As countries continue to align and/or expand the OECD’s transfer pricing documentation (Master File and Local File), including country-by-country (CbC) reporting, the path towards consistency continues to widen, introducing subjective determinations that will potentially lead to additional disputes and double taxation. EY’s Global Tax Alert provides the relevant details.
The Guidelines adopt a substance over conduct principle associated with contracts and require a more detailed analysis of functions performed, assets employed and risks assumed.
The Guidelines require the functional analysis to align value-creating activities with transfer pricing outcomes by increasing remuneration for significant functions undertaken, with an emphasis on financial capacity to assume risk and exercise control over risk. Failure to conform to the terms of the written contract may cause the transaction to be recharacterized according to the factual substance, and transactions without a commercial substance can be disregarded.
Most importantly, the tax authorities will be looking at contracts with the ability to recharacterize or disregard such transaction. To the extent additional approvals and guidelines are not adopted by the relevant tax administration, this may lead to new chaos in the transfer pricing world, including a potential ability to avoid tax treaty interpretations and increase the risk of double taxation.
The intent of various countries to adopt the new OECD transfer pricing models needs to be reviewed early to determine potential risks in one or more countries.
As the time for US seems to tick ever closer, EY’s Global Tax Alert highlights the tax accounting implications that would take effect on the “enactment date.”
Key items for consideration:
- Tax attributes re: one-time repatriation/taxation of foreign earnings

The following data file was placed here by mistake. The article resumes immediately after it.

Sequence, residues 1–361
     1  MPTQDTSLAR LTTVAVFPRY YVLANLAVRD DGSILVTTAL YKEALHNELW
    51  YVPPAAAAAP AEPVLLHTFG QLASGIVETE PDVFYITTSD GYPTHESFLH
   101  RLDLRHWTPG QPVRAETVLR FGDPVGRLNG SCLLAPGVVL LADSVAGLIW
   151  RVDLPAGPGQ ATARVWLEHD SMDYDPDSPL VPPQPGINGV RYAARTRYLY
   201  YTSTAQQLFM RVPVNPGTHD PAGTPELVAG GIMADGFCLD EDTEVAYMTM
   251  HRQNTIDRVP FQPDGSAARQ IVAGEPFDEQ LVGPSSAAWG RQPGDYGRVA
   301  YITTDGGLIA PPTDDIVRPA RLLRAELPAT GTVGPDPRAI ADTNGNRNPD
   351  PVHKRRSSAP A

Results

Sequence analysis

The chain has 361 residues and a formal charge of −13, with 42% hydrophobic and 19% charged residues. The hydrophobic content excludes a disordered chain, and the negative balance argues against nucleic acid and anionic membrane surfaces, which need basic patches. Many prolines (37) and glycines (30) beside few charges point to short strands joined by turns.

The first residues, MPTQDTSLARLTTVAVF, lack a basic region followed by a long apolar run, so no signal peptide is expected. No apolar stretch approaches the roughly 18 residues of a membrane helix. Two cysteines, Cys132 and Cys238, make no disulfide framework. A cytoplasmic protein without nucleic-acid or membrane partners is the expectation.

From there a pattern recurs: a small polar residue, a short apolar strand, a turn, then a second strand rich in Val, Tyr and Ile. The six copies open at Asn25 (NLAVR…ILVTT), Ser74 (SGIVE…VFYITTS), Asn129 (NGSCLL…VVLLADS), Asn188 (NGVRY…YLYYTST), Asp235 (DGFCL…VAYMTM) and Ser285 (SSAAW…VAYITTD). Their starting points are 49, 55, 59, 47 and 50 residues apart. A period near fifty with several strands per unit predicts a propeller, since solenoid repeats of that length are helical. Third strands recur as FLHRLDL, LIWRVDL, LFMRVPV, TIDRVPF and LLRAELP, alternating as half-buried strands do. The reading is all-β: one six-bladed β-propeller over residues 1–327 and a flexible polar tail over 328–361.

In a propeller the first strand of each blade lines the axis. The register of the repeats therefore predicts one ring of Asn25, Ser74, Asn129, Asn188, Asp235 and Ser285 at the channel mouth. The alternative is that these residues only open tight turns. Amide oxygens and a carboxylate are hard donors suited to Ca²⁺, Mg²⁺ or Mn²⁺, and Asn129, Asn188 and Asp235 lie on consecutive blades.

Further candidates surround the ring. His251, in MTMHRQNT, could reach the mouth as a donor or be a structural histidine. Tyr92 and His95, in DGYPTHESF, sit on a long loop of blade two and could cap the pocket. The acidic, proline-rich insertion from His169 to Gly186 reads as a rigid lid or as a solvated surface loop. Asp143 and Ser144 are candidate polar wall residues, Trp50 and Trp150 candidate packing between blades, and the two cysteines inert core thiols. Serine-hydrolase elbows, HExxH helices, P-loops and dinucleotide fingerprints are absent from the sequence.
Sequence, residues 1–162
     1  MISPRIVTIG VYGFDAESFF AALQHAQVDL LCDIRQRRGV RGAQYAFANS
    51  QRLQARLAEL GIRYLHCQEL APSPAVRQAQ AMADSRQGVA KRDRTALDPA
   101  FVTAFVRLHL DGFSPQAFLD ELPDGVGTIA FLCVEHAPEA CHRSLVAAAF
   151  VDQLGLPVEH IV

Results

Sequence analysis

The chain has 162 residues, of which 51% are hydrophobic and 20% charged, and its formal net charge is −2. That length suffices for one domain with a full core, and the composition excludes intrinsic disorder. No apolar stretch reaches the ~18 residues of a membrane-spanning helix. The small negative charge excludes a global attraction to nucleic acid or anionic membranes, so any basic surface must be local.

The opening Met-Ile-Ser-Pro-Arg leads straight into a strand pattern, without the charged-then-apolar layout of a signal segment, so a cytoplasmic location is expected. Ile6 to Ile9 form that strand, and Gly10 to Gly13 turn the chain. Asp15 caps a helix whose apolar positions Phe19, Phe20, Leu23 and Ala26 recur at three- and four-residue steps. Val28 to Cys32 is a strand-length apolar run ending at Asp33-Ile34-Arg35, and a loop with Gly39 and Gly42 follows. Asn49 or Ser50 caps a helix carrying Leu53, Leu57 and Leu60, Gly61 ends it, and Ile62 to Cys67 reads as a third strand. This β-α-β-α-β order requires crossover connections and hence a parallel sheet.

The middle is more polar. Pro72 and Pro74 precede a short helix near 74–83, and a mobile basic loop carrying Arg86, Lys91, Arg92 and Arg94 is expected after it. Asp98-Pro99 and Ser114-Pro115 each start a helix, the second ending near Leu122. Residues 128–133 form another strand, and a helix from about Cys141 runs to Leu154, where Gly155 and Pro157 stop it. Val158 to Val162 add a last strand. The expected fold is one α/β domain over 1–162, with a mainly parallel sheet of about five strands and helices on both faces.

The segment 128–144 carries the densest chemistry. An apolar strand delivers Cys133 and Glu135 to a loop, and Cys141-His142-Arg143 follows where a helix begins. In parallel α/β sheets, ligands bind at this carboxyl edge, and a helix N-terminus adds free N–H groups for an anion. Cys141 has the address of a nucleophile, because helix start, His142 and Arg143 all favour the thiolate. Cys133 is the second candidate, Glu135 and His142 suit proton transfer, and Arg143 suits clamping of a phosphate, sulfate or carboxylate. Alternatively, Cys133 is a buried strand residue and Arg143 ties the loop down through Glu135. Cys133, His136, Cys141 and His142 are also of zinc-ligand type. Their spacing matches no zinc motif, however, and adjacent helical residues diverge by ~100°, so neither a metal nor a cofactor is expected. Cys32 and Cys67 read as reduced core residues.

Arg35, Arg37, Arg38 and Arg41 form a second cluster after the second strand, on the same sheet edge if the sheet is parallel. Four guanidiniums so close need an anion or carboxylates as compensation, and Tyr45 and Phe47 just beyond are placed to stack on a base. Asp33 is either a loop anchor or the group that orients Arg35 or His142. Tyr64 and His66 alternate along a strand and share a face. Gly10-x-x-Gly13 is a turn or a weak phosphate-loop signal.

- Capital expensing impact
- State tax impact, dependent on if they automatically follow federal tax law
- APB 23, how will this be affected?
Although such items are hypothetical at the moment, some items may require additional planning to have the data available for the requisite disclosures. Thus, the time for planning and consideration is the present.
The US jurisdictional Country-by-Country (CbC) status table, link provided herein, provides a quick reference into the countries that will automatically accept the US 2016 CbC report, as it is not an obligatory filing for US MNE’s. To the extent a country is not on this list, a detailed review will be required to ensure that timely reporting is done, possibly on a surrogate country basis.
This list should be monitored to ensure proper governance of the CbC reporting requirements, noting that filing less reports is simpler due to possible different rules, currencies and/or interpretations of similar rules by different countries.
OECD has published, pursuant to OECD BEPS Action 2, its framework entitled “Neutralising the Effects of Branch Mismatch Arrangements.” A link to the report is provided for reference.
The report includes five types of branch mismatch arrangements:
- Disregarded branch structures where the branch is not a Permanent Establishment (PE)
- Diverted branch payments
- Deemed branch/notional payments
- Branch payments leading to a double deduction (DD)
- Imported branch mismatches
Recommendations to domestic law are included to prevent perceived abuses for the five types of mismatch arrangements. Numerous examples are also provided in the document to illustrate the branch arrangements and recommendations thereto.